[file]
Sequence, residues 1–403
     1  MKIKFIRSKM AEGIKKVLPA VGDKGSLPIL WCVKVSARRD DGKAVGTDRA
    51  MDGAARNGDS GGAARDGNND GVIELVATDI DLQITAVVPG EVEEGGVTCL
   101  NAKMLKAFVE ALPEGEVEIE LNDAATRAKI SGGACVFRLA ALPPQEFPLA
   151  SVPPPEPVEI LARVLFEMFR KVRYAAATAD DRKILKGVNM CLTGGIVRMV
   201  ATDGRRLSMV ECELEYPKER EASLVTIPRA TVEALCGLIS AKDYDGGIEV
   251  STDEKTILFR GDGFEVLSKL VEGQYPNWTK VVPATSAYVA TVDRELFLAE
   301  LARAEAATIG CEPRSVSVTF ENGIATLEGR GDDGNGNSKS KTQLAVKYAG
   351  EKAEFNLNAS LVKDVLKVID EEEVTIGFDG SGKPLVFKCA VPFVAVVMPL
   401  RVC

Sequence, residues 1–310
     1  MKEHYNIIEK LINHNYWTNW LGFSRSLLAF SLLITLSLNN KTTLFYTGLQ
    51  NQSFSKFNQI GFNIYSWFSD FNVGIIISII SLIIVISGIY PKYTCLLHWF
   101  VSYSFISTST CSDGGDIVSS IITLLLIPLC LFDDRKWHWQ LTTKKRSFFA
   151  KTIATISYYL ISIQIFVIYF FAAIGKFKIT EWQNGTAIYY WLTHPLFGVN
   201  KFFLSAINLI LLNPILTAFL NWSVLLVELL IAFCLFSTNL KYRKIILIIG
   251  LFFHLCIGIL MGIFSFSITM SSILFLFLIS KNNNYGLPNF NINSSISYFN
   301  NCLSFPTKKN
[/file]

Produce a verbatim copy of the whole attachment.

Sequence, residues 1–403
     1  MKIKFIRSKM AEGIKKVLPA VGDKGSLPIL WCVKVSARRD DGKAVGTDRA
    51  MDGAARNGDS GGAARDGNND GVIELVATDI DLQITAVVPG EVEEGGVTCL
   101  NAKMLKAFVE ALPEGEVEIE LNDAATRAKI SGGACVFRLA ALPPQEFPLA
   151  SVPPPEPVEI LARVLFEMFR KVRYAAATAD DRKILKGVNM CLTGGIVRMV
   201  ATDGRRLSMV ECELEYPKER EASLVTIPRA TVEALCGLIS AKDYDGGIEV
   251  STDEKTILFR GDGFEVLSKL VEGQYPNWTK VVPATSAYVA TVDRELFLAE
   301  LARAEAATIG CEPRSVSVTF ENGIATLEGR GDDGNGNSKS KTQLAVKYAG
   351  EKAEFNLNAS LVKDVLKVID EEEVTIGFDG SGKPLVFKCA VPFVAVVMPL
   401  RVC

Sequence, residues 1–310
     1  MKEHYNIIEK LINHNYWTNW LGFSRSLLAF SLLITLSLNN KTTLFYTGLQ
    51  NQSFSKFNQI GFNIYSWFSD FNVGIIISII SLIIVISGIY PKYTCLLHWF
   101  VSYSFISTST CSDGGDIVSS IITLLLIPLC LFDDRKWHWQ LTTKKRSFFA
   151  KTIATISYYL ISIQIFVIYF FAAIGKFKIT EWQNGTAIYY WLTHPLFGVN
   201  KFFLSAINLI LLNPILTAFL NWSVLLVELL IAFCLFSTNL KYRKIILIIG
   251  LFFHLCIGIL MGIFSFSITM SSILFLFLIS KNNNYGLPNF NINSSISYFN
   301  NCLSFPTKKN